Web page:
On “Lab Girl” by Hope Jahren

I got the book “Lab Girl” by Hope Jahren as a gift about a year ago. That was right after I finished up my internship at LBL, and was still immersed in academia and haven’t fully embraced the idea of gap year yet. Since it is not a technical book, I did not have the urge to read it right away. Coming home from Europe, I did not have much to attend to, so I had the time to do some leisure reading, and I did not regret any second I spent reading Lab Girl.

The book is essentially a memoir of Professor Hope Jahren, who is right now at University of Oslo in Norway, she also taught at GaTech, Johns Hopkins and University of Hawaii before that. There were a few places in the book that made me stop and think.

Although she successfully secured a tenure track position at GaTech even when she was just in her 3rd year of grad school, her first job was extremely hard for both her and her loyal friend and lab manager, Bill. As a new professor, getting funding was an extraordinary effort. For a long time both her and Bill lived in rundown places such as trailers, trucks and basements, and Bill even lived in a abandoned lab space on campus for a while. I was particularly moved by how hard they worked, and how horrid their living condition was as scientists. Although I have always heard that securing funding is a challenge for almost everyone in academia, I was not aware of how bad it could be until this book. The author had to be on antidepressants to continue working through her hardest times, and although on many instances she felt like she could give up, she did not. And that made her story very motivational for me.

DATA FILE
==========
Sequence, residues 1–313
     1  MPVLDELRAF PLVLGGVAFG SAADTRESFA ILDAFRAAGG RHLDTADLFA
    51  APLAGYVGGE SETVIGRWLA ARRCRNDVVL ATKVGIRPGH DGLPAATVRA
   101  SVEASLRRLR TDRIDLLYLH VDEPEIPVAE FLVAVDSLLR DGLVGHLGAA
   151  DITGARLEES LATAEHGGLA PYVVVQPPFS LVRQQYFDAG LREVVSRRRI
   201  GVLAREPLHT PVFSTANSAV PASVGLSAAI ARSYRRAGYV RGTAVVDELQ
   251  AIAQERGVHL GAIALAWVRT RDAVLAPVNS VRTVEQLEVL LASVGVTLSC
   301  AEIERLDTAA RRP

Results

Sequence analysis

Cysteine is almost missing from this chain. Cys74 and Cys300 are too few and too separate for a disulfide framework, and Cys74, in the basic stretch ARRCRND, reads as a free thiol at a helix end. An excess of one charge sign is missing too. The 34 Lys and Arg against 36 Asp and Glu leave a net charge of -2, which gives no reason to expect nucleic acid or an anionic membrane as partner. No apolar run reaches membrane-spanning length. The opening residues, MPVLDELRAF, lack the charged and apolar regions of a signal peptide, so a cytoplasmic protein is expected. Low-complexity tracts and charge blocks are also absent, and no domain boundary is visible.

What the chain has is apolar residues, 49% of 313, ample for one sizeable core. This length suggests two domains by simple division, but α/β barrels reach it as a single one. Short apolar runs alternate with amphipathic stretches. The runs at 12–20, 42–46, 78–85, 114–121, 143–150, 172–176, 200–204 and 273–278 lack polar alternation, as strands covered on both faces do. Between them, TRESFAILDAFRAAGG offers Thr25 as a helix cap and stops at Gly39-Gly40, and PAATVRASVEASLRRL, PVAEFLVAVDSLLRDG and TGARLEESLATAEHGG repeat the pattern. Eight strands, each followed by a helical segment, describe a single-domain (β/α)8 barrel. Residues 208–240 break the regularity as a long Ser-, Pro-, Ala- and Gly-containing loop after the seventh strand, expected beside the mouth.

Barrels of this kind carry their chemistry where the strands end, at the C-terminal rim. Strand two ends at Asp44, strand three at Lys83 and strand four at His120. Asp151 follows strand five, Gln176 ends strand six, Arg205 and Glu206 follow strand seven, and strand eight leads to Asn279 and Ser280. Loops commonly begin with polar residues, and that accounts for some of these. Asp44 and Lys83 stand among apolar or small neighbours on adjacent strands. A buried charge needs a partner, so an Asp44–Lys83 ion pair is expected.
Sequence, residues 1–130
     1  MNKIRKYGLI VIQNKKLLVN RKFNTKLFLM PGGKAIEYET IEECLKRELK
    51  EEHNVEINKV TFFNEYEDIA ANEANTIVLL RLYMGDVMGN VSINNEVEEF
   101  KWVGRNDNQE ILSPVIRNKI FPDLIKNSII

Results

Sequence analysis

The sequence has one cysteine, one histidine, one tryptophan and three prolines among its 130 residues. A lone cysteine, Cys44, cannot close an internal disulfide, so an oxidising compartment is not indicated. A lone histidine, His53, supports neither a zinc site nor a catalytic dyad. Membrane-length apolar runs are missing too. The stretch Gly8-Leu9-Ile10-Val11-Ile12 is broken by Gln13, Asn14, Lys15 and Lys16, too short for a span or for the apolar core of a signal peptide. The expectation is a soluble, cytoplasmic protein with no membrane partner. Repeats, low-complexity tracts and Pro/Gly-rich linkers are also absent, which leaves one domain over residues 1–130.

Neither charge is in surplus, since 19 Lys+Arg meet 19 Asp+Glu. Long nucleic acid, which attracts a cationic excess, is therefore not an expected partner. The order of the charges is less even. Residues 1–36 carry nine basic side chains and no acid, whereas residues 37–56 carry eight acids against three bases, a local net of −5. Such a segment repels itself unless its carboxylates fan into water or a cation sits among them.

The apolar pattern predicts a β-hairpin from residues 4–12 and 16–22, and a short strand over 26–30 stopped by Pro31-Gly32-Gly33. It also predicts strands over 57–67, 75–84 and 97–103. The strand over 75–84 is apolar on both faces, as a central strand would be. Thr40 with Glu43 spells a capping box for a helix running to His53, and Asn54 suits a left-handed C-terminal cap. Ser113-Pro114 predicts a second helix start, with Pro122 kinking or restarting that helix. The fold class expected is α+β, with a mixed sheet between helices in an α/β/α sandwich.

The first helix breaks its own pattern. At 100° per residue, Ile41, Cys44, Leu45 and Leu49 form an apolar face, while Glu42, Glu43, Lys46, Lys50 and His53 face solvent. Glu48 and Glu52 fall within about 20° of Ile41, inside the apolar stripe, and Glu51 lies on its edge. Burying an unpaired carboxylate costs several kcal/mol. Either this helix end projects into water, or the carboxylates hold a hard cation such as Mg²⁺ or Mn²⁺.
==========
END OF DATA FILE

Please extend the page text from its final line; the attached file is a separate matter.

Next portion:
Another instance when I was deeply moved by her story was when she and her team drove from GaTech to SF for a geology conference. During their 3 day driving journey, they experienced a traffic wreck and they could have died. But even with such horrible accident took place, they still managed to attend the conference on time and share their idea and results. I believe this determination is what got her through the dark days and made me realize that brilliant and established scientists got there only because of their hard work and determination, and that I need to be the same on my scientific journey ahead.

The third story I want to comment on is when she became pregnant. As women scientists, becoming pregnant is almost inevitable as we want to have a complete family in addition to our scientific careers. When Hope got pregnant, although she was in a fragile state, she still tried to go to lab whenever she could. However, the department head at Johns Hopkins saw her in such bad health conditions, he banned her from coming to her lab. In the book, she was furious about being banned from her own lab. She had an emotional connection with her lab, that was the only place where she felt safe and could be freely herself. But the department full of male faculties saw her enlarged belly and was disgusted by the image and ordered her to stay away. This was very cruel, and made me worry about the phenomenon. Even for women professors, they are firstly a women, and then a professor. They should have the rights to perform fundamental duties of women such as child birth. It was really heartbroken when she talked about the treatment she got for being pregnant from the school, and maybe that was why she left Johns Hopkins shortly after.

Lab Girl was a very pleasant read. As someone who is about to start her graduate studies, reading about how a fellow female scientist became successful is immensely inspiring and valuable. I learned that it is very important to stick to what you believe in, and work as hard as you can to achieve it. Because nothing in academia, in fact, nothing in life will be easy tasks even for the brightest.

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